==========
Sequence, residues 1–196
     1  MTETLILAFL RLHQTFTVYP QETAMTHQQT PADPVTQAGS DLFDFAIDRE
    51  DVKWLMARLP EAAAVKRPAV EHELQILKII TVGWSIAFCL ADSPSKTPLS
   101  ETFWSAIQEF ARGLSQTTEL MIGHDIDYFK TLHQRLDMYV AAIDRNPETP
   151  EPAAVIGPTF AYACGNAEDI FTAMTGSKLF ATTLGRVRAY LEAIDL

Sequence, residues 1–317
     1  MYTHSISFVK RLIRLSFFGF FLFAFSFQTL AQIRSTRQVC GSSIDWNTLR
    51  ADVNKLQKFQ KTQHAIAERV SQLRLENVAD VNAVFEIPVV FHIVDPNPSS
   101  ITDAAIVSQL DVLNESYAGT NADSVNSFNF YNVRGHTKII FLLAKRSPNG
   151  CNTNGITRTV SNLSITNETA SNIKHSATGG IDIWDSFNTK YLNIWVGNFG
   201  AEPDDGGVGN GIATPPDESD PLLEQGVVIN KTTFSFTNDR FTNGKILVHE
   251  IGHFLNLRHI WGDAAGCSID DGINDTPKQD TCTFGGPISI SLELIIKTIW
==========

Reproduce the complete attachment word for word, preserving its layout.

Sequence, residues 1–196
     1  MTETLILAFL RLHQTFTVYP QETAMTHQQT PADPVTQAGS DLFDFAIDRE
    51  DVKWLMARLP EAAAVKRPAV EHELQILKII TVGWSIAFCL ADSPSKTPLS
   101  ETFWSAIQEF ARGLSQTTEL MIGHDIDYFK TLHQRLDMYV AAIDRNPETP
   151  EPAAVIGPTF AYACGNAEDI FTAMTGSKLF ATTLGRVRAY LEAIDL

Sequence, residues 1–317
     1  MYTHSISFVK RLIRLSFFGF FLFAFSFQTL AQIRSTRQVC GSSIDWNTLR
    51  ADVNKLQKFQ KTQHAIAERV SQLRLENVAD VNAVFEIPVV FHIVDPNPSS
   101  ITDAAIVSQL DVLNESYAGT NADSVNSFNF YNVRGHTKII FLLAKRSPNG
   151  CNTNGITRTV SNLSITNETA SNIKHSATGG IDIWDSFNTK YLNIWVGNFG
   201  AEPDDGGVGN GIATPPDESD PLLEQGVVIN KTTFSFTNDR FTNGKILVHE
   251  IGHFLNLRHI WGDAAGCSID DGINDTPKQD TCTFGGPISI SLELIIKTIW